According to one estimate, 99% of the DTC buses have surpassed the limit for low-floor CNG buses. A bus is seen as ‘overage’ when it stays in operation for more than 8 years. As per Jawaharlal Nehru National Urban Renewal Mission (JNNURM), a low-floor CNG bus is permitted to run for a maximum of 12 years or 7.5 lakh km.

The JNNURM report says that “only 32 buses are 8-10 years old while a whopping 3072 buses are 10-12 years old.” Almost more than 656 buses on the roads of Delhi are older than the maximum limit of being operated of 12 years. DTC is asked to maintain a fleet of 5,500 buses but the recent strength is only 3,760 buses. The government of Delhi in 2018 had presented an affidavit in the Delhi High Court asking that the city needs 11,000 buses.

The DTC was able to approve tender last for new buses in 2008. 5 new tenders were floated between the time of 2013 and 2019 but nothing could be finalized due to stringent Annual maintenance contracts (AMCs).

Abiding by the new rules on diesel vehicles in Delhi, the whole DTC fleet needs to be scrapped. But the number of scrapped buses has been almost negligible. Two buses were only scrapped in 2020-2021 and none this year. About 80 buses were taken out between 2019 to 2020 whereas 2209 vehicles were taken out between 2011 to 2017.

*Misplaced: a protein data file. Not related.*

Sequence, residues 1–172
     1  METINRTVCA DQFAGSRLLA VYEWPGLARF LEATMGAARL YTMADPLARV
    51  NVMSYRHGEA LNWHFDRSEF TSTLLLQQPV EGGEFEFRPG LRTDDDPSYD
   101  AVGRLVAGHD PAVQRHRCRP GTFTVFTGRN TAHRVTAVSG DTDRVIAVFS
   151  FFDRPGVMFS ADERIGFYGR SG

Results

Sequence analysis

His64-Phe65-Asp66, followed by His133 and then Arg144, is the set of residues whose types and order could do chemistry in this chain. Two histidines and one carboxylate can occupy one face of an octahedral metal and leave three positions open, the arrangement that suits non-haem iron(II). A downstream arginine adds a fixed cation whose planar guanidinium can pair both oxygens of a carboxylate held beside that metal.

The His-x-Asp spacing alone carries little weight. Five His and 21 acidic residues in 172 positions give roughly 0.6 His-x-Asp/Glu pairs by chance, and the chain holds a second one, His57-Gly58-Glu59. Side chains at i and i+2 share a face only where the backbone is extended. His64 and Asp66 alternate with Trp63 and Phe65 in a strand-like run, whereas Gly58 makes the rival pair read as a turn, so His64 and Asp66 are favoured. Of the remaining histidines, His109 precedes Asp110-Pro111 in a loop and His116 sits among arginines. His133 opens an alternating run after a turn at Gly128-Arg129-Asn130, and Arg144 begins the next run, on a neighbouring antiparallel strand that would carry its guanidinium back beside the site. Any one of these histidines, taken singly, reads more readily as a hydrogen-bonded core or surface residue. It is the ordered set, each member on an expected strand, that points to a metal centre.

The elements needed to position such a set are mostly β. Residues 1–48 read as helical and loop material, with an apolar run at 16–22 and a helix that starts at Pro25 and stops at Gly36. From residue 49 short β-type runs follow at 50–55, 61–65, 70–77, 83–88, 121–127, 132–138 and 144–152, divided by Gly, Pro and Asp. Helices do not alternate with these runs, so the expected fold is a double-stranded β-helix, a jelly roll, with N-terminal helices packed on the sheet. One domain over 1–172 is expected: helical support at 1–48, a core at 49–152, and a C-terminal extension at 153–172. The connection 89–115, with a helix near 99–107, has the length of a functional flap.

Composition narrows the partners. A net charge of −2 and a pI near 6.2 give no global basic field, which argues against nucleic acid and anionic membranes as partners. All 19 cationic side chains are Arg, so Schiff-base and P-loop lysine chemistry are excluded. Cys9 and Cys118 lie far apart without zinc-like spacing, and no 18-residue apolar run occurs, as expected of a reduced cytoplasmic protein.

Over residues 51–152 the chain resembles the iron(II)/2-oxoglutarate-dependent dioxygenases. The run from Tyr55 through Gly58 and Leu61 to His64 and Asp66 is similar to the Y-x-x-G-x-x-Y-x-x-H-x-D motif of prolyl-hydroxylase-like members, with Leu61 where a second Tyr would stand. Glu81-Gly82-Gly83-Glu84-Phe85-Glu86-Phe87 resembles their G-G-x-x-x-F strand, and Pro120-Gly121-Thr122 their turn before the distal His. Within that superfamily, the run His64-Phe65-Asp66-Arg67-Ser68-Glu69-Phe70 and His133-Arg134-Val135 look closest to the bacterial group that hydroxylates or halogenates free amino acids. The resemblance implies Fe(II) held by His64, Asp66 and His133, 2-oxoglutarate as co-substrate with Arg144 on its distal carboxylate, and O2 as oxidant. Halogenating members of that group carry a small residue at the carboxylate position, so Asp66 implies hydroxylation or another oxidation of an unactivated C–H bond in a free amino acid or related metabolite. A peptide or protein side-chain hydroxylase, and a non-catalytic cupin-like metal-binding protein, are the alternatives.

DTC’s Managing Director Vijay Bhaduristates that the pressing need to add new buses as the expenditure is increasing on maintaining old buses. “Even as we are running overaged buses, we cannot compromise on safety and have to keep the buses in their best possible condition, which is an expensive affair,” stated by Bhaduri. “The State Transport Authority (STA) has now allowed use of overage buses upto 15 years (almost double of the prescribed operational limit) and has given DTC a 2-3 year window to replace the entire fleet”.

Now the new plan is to revive the DTC by adding almost 1,300 new buses in the coming seven months. It is welcome and if it happens, as the DTC solely carries one million riders everyday than the Delhi metro network does.

Meanwhile, the government of Delhi approved the induction of 190 low-floor CNG propelled air-conditioned buses on November 5th which would start to arrive in the upcoming year.

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Scrapping of old diesel vehicle begins in Delhi: The regulations, players, and its implications
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Gadkari announced the scrappage policy that it is a government funded programme to get rid of the old vehicles off the roads which is done to reduce pollution, create employment and also to increase demand for new vehicles
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THE POLICY TIMES